But if there is symmetry between man and God, then that is saying a great deal. For example, it would explain our access to love, truth, and beauty, not to mention virtue, creativity, unity, objectivity, and more. Conversely, if there is no such symmetry, then there is no accounting for the gifts just mentioned. Indeed, they have no ground or even possibility. As such, they must be pointless illusions.

D'oh! You just melted the scientific iceberg with your metaphysical blowtorch.

Other symmetries. How about man and woman? That Eve is "bone of my bones and flesh of my flesh" is what you call a hint: above the surface they look like two different beings. Beneath the surface, oneflesh.

Or, heaven and earth, celestial and terrestrial, vertical and horizontal. These are not opposed, nor can the former ever be reduced to the latter. Thy will be done, on earth as it is in heaven. The counter-myth of the progressive iceberg is always My will be done, on earth because there is no heaven. Which soon enough brings about hell.

Daniel Dennett rightly calls Darwinism a "universal acid" that, as it were, melts all manmade icebergs. True enough. When "pushed to its logical conclusion," writes Hanby, it also -- necessarily -- "begins to dissolve the very subject and presupposition of Darwinian theory..." Is there an acid that eats itself last?

If you don't believe so, then you haven't been paying attention to this post, for if you acid-wash being with Darwinism, "intelligibility and truth must always be reducible, as a matter of principle, to the unintelligibility and untruth upon which they are premised." At which point you are plunged beneath the waves and drown, even if you're the last to know you've just committed cluelesside.

Religious thought does not go forward, like scientific thought, but rather goes deeper. --Dávila

11 comments:

Anonymous said...

This is a good post, very well crafted. The point about scientific inquiry being linked to Europe fails to account for the methods and findings made by the Chinese antecedent to that. Otherwise pretty convincing.

Regarding symmetry, also convincing. However, a sticking point is there must also be symmetry between a host of things which are seen as negative, like evil, ugliness, and deceit, and the unknown from which they, like goodness, beauty, and truth, must have come forth.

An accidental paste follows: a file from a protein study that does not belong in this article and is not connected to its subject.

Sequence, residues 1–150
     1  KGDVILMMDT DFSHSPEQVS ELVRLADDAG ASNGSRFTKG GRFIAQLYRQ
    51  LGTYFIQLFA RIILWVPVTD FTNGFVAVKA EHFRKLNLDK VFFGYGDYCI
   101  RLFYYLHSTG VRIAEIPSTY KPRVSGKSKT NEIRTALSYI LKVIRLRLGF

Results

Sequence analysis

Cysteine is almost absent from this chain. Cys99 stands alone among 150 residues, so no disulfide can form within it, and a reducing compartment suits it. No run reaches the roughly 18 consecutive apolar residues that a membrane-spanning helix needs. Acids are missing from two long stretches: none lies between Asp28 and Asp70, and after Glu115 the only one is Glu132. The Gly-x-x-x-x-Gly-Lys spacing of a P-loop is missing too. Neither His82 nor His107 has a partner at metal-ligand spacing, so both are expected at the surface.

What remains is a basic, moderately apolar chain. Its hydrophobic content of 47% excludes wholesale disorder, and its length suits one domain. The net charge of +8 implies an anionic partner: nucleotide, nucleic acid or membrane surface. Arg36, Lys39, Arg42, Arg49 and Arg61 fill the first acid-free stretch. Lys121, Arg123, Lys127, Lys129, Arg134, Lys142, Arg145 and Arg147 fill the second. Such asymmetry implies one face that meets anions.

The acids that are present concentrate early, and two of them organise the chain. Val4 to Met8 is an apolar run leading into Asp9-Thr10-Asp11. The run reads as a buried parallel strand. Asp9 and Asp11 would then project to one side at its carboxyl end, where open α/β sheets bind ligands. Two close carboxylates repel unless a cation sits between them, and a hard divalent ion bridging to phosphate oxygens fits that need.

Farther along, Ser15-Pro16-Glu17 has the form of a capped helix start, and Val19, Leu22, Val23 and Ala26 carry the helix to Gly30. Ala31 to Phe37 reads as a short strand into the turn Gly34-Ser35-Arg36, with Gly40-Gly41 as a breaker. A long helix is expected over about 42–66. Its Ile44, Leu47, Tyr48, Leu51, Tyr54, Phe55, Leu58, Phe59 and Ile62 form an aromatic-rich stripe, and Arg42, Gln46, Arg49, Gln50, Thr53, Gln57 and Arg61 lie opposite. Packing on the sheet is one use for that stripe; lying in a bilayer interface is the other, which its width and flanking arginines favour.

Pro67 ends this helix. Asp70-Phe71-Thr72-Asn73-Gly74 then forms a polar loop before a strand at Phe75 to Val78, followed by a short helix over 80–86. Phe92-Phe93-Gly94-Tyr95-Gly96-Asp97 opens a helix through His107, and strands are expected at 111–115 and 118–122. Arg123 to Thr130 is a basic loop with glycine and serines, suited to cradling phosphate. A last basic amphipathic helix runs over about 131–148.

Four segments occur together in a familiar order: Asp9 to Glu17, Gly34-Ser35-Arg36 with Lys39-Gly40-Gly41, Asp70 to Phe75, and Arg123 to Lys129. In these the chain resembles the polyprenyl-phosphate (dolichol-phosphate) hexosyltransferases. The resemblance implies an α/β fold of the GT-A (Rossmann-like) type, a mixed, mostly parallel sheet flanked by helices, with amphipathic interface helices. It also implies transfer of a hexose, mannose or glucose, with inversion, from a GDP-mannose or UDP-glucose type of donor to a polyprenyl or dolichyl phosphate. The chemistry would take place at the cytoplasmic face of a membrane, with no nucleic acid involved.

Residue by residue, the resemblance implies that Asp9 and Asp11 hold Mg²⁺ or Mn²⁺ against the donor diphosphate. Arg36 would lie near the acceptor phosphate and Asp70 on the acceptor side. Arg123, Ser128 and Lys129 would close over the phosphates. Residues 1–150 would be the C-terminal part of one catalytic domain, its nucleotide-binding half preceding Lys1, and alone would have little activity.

This is hard for the Christian to swallow, I understand. There are any number of work-around which have been tried, none of which need to be trotted out here. I was wondering if you had anything original and fresh on that.

Gagdad Bob said...

Evil is not a symmetrical to good, rather, a privation. And see Jaki, Stark, and others for why science was stillborn in China.

julie said...

I don't remember the context, but it reminded me of how liberals don't understand that they are standing on the same iceberg as conservatives.

To the extent that anyone tries to understand truth, liberal or not, he is an enemy of leftism. Many people who consider themselves liberal find this out the hard way when they try to stand up for something they have always known to be true, and suddenly their "friends" are trying to destroy their lives. Leftism is a jealous god, and requires a multitude of sacrifices.

ted said...

I really liked David Warren's take on Jordan Peterson. Very astute.

ted said...

Bob: I noticed you've been reading a lot of rock music books lately. Any of them any good?

Gagdad Bob said...

Yes! I especially liked Ed Ward's History of Rock & Roll, although I suppose a lot of it won't register if you're not familiar with the artists and performances he references. Then again, it might be fun to check them out on Youtube. At any rate, he has an enjoyable stream-of-consciousness style that is idiosyncratic without being self-indulgent.

I also enjoyed the History of the Electric Guitar, and learned all sorts of interesting facts and stories.

In the more distant past, Guralnick's biography of Sam Phillips was quite good, as was the recent bio of George Martin.

And this is without a doubt the best Monkee's bio. They are not just criminally underrated but unjustly vilified.

Gagdad Bob said...

There was also a good bio of Nilsson a few years ago, but it's not as well done as the documentary.

Gagdad Bob said...

Oh, and the 1200 page Byrds epic was really good, but you probably have to be a fanatic.

ted said...

A lot of great suggestions. I may start with the Martin bio at some point. I've always felt he was the backbone to one of the great bands in a way few producers have been.

Gagdad Bob said...

Absolutely. They -- group and producer -- had the kind of magical complementarity that makes a fellow believe in providence.

Gagdad Bob said...

You have to read the book to understand just how perfect Martin was for them. He had an unusual and even unique skill set that perfectly matched the potentials the Beatles didn't even know they had until he helped actualize them.